Coparenting is a difficult but necessary endeavor for most divorced parents in California. Unless abuse is an issue, it's usually accepted that it's in the child's best interests to see both parents. Parents should not interfere with this relationship. Furthermore, a child should feel comfortable talking about their time at the other parent's house.
It's also important to maintain consistent expectations across households. Even if parents have different coparenting approaches, this may be more realistic than trying to have matching rules. If necessary, parents can use online tools to help them with communication. These tools record all exchanges in case they need to go to mediation later.
Children should never be placed in the middle of a parental dispute or be required to take messages back and forth between exes. Any questions from the kids about the divorce should be answered honestly but without blaming the other parent. Children should be reassured that they were not at fault. If disputing parents attend the same events for their children, it's best to behave appropriately. Stepparents should not attempt to replace parents.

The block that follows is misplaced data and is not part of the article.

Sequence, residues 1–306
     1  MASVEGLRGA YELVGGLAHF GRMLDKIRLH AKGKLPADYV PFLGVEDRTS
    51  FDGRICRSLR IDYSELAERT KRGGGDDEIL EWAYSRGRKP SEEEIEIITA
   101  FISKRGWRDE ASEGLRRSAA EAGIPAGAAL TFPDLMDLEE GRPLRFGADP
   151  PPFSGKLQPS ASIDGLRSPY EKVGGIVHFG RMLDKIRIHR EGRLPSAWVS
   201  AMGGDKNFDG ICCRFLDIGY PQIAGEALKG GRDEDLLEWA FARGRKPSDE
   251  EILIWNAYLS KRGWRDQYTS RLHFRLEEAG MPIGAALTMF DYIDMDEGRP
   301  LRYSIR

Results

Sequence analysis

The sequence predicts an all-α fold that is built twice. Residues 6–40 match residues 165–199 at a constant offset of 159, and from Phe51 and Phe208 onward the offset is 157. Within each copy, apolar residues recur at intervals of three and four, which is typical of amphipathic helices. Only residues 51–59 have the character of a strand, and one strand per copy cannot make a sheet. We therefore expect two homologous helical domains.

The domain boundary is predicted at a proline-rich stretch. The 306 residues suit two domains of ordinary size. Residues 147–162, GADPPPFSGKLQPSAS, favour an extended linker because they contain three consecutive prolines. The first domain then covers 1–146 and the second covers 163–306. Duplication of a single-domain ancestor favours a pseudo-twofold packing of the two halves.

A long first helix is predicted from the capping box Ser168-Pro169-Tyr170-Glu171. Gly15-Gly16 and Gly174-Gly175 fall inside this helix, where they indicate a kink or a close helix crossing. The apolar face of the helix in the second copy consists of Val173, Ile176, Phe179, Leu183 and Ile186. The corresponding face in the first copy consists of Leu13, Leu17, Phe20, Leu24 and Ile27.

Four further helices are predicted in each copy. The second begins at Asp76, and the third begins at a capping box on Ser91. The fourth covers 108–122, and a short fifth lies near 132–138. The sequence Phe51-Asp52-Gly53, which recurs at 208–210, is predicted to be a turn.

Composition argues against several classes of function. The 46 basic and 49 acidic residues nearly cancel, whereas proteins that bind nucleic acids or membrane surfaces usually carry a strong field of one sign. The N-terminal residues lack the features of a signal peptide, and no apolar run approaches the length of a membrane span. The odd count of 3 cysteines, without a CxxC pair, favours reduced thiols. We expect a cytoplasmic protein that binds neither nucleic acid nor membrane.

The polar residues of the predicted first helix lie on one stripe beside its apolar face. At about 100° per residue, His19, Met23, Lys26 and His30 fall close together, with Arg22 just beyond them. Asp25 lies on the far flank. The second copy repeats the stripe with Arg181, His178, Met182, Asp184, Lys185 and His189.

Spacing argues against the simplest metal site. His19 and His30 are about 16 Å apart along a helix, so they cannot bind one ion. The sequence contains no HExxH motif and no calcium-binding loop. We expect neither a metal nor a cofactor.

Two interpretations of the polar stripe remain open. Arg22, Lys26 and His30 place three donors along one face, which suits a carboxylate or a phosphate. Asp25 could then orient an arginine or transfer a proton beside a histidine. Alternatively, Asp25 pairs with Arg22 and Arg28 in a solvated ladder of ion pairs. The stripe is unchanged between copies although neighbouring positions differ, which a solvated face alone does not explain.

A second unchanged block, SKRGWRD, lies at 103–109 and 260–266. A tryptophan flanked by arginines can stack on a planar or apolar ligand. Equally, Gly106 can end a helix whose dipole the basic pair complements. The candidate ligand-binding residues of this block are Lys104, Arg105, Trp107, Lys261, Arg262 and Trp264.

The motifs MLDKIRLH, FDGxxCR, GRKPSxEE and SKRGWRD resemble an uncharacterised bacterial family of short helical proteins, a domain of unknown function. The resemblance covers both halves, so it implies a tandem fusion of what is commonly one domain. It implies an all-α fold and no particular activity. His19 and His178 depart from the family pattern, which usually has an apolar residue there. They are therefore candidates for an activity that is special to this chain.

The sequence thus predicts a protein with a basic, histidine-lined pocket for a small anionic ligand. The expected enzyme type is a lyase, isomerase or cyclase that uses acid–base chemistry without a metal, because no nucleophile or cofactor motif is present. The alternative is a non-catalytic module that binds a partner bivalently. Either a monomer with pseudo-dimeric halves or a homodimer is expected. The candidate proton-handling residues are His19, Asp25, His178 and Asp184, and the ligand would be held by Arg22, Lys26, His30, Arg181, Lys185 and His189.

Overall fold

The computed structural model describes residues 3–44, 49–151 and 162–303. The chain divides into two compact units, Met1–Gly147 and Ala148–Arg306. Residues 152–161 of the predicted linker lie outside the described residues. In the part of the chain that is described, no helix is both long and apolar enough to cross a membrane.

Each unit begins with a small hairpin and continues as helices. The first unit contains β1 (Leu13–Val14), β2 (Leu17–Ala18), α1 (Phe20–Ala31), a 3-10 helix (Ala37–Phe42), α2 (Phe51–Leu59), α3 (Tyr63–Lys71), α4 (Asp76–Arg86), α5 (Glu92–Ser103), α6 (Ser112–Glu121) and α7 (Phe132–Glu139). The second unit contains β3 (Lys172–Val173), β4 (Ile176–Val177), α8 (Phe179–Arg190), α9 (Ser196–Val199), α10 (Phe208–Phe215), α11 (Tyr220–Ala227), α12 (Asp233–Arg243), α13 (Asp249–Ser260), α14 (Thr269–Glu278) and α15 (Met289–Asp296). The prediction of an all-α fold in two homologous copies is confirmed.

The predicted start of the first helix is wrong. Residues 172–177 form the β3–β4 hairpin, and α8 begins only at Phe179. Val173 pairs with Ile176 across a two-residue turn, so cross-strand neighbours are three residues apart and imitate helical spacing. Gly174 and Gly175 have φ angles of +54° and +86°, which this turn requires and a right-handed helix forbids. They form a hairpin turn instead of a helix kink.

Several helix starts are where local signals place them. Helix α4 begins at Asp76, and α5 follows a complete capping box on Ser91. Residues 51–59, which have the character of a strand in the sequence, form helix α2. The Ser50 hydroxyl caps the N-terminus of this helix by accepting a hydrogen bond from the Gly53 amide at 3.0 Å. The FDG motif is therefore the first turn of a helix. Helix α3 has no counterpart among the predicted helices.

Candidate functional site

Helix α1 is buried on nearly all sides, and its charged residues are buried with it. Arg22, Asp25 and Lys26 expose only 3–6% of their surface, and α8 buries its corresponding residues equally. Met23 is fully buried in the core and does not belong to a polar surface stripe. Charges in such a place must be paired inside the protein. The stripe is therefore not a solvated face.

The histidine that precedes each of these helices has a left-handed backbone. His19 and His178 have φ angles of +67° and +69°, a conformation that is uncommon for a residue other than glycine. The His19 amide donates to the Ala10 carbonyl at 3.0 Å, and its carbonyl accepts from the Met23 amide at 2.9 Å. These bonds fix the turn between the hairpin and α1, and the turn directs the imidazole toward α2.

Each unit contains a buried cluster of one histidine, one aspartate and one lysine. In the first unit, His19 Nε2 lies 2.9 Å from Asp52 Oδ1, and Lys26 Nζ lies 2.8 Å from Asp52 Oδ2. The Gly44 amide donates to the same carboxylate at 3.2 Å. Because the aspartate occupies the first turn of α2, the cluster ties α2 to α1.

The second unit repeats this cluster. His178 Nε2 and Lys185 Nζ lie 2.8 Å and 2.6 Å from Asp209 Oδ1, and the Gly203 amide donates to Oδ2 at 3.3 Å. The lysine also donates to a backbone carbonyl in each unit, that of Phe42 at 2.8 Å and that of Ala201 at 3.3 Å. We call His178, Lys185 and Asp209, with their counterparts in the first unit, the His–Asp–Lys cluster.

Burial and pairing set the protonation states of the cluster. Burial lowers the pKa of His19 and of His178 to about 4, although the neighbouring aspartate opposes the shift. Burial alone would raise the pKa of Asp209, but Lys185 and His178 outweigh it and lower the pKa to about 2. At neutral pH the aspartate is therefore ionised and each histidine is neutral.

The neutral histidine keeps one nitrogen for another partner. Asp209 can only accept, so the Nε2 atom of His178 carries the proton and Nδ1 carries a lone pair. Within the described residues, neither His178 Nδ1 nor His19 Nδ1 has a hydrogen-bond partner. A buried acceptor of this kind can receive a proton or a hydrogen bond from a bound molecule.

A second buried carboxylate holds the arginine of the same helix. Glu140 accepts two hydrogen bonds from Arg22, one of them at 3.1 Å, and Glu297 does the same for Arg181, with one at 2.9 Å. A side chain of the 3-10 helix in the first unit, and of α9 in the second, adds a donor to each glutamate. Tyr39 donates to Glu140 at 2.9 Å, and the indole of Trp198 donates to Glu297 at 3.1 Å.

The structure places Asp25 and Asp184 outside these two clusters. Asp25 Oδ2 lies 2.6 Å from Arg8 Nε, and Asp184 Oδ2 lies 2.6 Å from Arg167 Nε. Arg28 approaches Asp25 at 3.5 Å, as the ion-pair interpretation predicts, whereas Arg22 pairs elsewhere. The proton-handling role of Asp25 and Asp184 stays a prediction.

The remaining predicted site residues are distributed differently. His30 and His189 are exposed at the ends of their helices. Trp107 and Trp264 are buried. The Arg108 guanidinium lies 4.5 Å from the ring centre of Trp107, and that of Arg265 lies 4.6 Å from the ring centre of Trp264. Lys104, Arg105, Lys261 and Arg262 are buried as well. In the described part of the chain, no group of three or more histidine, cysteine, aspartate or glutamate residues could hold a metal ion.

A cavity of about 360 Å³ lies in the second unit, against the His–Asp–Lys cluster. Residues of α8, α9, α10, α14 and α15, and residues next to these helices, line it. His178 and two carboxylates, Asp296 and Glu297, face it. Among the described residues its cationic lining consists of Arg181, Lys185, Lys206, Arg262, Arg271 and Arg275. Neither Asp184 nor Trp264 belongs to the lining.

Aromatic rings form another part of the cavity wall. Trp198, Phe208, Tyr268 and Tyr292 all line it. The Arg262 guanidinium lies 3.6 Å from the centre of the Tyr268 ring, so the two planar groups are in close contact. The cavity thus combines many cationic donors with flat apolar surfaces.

Parents should try to resolve any differences without going to court. However, there are certain situations that require going back through legal channels. If the parent who pays child support loses a job or cannot keep up payments because of another change in circumstances, they may ask for a payment modification. Until this modification is approved, however, the parent will still owe the same amount monthly. A family law attorney could help a client secure a fair child support obligation.